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This study used harmonized data across two of the largest cohorts in Europe (the UK Biobank and the LifeLines Cohort Study) to perform pooled analyses exploring cross-sectional associations between ambient air pollution exposure and self-reported wheeze and shortness of breath. Results showed that exposure to outdoor particulate matter and nitrogen dioxide air pollution was associated with the prevalence of wheeze and shortness of breath, with stronger associations between fine particulates and both symptoms among lower- vs. higher-income participants. To our knowledge, this is the largest study on air pollution and respiratory symptoms to date.
Associations between air pollution and respiratory health in large European cohorts
This project will examine associations between exposure to common ambient air pollutants and respiratory health among participants of large population-based studies in the Netherlands and the United Kingdom. Research questions for this project are:
(1) What is the effect of exposure to particulate matter (PM) and nitrogen dioxide (NO2) on pulmonary function?
(2) Do study participants living in areas with higher concentrations of particulate matter (PM) and nitrogen dioxide (NO2) show higher rates of respiratory medication use and respiratory symptoms such as wheezing and shortness of breath? There is mounting evidence showing associations between air pollution exposure and adverse cardiovascular and respiratory health effects. However, associations between common air pollutants such as particulate matter and nitrogen dioxdide and pulmonary function, respiratory symptoms and respiratory medication use are not well understood. Research is therefore needed to better understand the effect that air pollution has (if any) on respiratory health and pulmonary function decline. Better understanding these effects is in the public interest given the high health care costs related to respiratory morbidity and mortality. This project involves harmonizing and combining data from two of Europe?s largest population health studies, the LifeLines Cohort Study & Biobank and UK Biobank, in order to:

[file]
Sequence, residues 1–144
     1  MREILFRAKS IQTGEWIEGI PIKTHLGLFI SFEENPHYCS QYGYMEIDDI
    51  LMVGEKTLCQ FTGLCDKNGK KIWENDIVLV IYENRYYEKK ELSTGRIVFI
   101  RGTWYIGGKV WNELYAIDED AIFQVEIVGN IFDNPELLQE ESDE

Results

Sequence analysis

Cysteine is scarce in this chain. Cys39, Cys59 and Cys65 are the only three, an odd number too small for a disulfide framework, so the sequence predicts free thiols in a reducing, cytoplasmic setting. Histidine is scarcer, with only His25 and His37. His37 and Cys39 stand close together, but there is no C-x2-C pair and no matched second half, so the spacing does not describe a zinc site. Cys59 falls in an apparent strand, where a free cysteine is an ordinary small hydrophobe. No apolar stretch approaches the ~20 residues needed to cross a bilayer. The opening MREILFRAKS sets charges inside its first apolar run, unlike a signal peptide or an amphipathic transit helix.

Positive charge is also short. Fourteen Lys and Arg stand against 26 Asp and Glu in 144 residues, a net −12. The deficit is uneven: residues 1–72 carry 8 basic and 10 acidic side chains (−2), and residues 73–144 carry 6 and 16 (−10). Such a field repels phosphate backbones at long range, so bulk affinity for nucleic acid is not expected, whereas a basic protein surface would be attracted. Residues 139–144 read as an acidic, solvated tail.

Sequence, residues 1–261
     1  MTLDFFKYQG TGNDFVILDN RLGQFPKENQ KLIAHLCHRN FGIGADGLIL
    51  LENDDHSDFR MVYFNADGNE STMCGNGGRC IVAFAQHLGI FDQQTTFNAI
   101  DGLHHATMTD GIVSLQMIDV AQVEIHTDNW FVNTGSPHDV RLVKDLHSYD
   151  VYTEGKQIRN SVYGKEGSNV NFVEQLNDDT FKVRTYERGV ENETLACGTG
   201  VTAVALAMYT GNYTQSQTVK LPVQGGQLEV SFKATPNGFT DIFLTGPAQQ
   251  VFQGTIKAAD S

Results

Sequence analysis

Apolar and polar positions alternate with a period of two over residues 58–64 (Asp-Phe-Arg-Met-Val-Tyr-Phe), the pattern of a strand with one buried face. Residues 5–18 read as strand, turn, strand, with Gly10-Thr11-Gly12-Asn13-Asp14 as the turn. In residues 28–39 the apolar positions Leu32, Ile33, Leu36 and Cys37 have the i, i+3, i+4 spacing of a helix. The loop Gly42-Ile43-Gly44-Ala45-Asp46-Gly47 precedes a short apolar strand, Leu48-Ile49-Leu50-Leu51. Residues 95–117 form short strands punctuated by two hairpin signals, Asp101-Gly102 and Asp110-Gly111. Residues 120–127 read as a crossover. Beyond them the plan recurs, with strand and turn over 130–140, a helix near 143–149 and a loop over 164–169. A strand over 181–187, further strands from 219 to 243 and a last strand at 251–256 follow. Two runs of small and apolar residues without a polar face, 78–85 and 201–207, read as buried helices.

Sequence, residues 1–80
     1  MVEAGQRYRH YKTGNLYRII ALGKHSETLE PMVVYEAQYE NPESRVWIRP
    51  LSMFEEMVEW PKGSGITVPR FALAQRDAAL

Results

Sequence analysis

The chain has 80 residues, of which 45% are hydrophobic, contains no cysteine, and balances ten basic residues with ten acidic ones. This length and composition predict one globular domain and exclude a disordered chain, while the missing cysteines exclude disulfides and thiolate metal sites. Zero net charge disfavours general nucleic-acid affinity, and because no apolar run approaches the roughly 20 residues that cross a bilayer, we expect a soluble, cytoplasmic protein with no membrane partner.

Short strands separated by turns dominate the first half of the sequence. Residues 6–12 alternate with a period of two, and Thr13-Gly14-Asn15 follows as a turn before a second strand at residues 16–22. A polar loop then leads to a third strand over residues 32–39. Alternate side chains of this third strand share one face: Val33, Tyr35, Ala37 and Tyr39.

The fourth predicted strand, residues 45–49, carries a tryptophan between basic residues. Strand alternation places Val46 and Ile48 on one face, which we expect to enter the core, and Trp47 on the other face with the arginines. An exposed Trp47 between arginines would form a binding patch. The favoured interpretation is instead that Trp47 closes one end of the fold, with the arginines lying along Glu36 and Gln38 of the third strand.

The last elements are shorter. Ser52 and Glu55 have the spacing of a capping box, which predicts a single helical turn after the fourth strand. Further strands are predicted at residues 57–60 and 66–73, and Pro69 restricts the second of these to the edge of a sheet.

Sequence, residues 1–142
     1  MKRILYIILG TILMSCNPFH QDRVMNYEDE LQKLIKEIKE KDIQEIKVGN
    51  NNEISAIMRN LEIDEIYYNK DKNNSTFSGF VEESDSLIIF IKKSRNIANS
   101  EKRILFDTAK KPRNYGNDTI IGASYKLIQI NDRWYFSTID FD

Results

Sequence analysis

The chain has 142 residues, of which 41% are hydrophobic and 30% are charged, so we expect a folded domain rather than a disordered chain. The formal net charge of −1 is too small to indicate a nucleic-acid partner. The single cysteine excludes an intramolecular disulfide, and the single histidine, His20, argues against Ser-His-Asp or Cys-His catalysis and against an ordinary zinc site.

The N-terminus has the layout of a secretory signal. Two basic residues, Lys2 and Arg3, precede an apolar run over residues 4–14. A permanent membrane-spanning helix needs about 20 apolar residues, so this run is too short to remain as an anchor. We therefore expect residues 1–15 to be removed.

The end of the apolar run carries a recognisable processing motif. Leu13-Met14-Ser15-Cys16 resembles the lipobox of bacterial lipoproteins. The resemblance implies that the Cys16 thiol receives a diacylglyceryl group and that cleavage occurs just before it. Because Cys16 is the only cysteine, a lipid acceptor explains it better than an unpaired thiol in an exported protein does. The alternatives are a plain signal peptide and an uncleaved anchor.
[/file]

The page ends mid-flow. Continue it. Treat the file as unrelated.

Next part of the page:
(1) Explore associations between PM/NO2 exposure at place of residence and pulmonary function and,
(2) Explore the effect of PM/NO2 exposure at place of residence on prevalence respiratory symptoms (e.g. wheezing and shortness of breath) and respiratory medication use.
Pulmonary function, medication use, respiratory symptoms and confounding variables will be obtained from baseline assessments. Modeled air pollution measures at place of residence will be linked to these data for analyses. All UK Biobank participants 18 years and older having completed the pulmonary function test and for which data requested has been cleaned and validated should be included in the dataset.
Dr Dany Doiron
Research Institute McGill University Health Centre